FILE - face mask, store closing, store closed, Illinois, Virus Outbreak

FILE - In this Friday, Nov. 6, 2020, file photo, a man wearing a face mask rides a bicycle past a closed store in Wilmette, Ill. 

(The Center Square) – Illinois’ economy was among the most adversely affected by the COVID-19 pandemic.

The pandemic decimated state economies after restrictions were placed on businesses, but some states were in a better position to deal with the crisis than others. According to the financial website WalletHub, Illinois ranked 15th in state economies most affected by the coronavirus pandemic.

To identify states whose economies were hit the most by the coronavirus, WalletHub used two key dimensions: “Highly Affected Industries & Workforce” and “Resources for Businesses to Cope Better with the Crisis.”

Analyst Jill Gonzalez said a couple of areas helped Illinois’ economy.

"You have things like retail that has bounced back, agriculture is one of the quickest ones to bounce back that are certainly helping Illinois right now,” Gonzalez said.

After the recommendation of health experts, Gov. J.B. Pritzker said his “bridge phase” will serve as a measured approach toward reopening the state. Phase 5 will begin when 50% of Illinoisans 16 and older have been vaccinated or COVID-19 metrics decline over a 28-day period. Until that time, business and event restrictions will remain in place.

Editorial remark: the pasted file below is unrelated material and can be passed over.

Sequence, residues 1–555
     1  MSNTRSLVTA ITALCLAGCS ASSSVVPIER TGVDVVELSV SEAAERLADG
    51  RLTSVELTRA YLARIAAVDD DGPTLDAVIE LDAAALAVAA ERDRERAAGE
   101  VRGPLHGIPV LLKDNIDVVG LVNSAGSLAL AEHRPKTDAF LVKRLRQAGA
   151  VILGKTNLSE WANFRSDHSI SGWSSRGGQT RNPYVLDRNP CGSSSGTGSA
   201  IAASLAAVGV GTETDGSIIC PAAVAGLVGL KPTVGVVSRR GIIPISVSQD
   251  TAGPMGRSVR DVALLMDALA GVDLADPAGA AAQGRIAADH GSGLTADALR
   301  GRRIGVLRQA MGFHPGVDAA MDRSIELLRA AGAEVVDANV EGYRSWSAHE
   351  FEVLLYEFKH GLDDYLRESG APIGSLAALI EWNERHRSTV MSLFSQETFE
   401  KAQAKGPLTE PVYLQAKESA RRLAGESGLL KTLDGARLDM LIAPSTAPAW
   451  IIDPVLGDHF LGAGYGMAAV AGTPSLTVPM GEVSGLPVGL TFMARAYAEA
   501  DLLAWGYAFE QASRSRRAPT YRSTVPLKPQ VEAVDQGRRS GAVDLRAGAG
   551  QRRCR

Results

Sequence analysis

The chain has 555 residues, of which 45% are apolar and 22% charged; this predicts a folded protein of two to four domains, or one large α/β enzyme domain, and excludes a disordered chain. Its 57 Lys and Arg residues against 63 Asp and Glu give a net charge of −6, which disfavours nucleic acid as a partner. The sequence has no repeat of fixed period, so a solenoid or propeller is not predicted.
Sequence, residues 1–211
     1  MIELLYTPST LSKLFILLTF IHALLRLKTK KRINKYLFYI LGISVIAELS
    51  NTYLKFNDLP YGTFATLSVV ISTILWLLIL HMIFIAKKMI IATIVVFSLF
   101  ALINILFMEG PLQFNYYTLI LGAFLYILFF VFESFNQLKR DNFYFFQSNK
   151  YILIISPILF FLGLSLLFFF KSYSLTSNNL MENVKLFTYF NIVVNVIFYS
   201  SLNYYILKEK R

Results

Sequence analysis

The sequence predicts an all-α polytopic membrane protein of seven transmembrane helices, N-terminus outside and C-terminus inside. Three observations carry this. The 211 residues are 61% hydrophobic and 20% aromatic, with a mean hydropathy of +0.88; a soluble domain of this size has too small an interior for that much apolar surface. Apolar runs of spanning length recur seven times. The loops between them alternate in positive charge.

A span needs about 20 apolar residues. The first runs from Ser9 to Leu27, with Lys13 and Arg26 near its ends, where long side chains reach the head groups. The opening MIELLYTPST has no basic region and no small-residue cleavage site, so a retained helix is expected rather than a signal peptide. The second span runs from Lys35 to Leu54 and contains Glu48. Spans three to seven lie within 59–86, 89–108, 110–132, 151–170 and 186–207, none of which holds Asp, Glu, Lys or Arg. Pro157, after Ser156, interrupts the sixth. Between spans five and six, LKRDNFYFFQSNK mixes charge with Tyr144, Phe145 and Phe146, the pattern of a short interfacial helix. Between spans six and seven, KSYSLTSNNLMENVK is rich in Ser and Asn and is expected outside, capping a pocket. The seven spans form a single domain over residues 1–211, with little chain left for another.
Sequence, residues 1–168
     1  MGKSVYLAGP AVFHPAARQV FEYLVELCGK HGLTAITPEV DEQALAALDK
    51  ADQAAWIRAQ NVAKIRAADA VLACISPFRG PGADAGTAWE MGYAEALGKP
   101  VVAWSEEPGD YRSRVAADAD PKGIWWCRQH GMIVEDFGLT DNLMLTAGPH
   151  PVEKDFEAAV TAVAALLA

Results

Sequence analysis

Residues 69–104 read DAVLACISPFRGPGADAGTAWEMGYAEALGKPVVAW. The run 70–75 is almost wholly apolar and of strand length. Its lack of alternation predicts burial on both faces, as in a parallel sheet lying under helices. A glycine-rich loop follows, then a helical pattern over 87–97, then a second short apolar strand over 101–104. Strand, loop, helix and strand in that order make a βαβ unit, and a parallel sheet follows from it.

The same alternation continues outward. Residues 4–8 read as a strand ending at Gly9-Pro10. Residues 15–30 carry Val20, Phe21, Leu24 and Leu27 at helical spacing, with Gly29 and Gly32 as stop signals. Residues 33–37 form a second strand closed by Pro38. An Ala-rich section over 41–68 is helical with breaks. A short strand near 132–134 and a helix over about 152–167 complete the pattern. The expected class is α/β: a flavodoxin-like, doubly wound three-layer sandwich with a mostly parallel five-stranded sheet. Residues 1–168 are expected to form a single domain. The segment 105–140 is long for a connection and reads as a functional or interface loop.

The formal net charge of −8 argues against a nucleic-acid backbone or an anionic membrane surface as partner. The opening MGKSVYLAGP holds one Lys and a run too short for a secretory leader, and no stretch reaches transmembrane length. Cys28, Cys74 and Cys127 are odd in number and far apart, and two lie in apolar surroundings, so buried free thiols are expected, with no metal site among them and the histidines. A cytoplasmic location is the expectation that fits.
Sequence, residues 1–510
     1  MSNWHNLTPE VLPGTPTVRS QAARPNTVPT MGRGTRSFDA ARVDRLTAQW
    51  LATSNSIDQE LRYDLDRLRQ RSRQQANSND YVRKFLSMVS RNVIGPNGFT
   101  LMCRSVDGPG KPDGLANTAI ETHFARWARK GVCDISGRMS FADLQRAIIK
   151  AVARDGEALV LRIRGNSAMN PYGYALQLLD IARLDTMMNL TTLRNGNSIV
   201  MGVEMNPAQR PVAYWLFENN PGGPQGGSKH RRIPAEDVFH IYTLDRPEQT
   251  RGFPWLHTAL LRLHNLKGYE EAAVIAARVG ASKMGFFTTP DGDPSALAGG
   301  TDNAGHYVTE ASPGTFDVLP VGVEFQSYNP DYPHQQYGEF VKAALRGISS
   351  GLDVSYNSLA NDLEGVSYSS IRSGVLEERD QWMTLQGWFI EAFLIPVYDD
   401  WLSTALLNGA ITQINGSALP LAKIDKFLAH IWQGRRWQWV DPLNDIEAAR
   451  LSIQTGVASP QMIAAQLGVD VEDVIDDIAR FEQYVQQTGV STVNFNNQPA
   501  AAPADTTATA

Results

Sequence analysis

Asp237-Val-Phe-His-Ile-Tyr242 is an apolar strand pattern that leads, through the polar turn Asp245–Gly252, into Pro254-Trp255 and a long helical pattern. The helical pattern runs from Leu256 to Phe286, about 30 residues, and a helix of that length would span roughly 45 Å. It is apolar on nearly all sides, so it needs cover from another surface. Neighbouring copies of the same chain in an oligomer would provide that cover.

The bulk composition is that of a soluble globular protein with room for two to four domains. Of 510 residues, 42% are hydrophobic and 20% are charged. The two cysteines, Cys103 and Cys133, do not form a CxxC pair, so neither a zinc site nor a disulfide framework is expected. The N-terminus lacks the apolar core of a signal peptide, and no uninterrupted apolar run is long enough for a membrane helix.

The Illinois Department of Employment Security reported 16,182 new unemployment claims were filed during the week of March 29, a 14% increase from the previous week. Since early March 2020, there have been more than 3.5 million total claims filed in the state.

The most exposed state economies during the pandemic were Louisiana, Oklahoma and Hawaii. Hawaii experienced the highest decrease in real GDP (2020 vs. 2019) at 8.01%, while Utah experienced the lowest decrease at 0.10%.

The least exposed state economies were Washington, Arizona and Oregon.

Staff Reporter

Kevin Bessler reports on statewide issues in Illinois for the Center Square. He has over 30 years of experience in radio news reporting throughout the Midwest.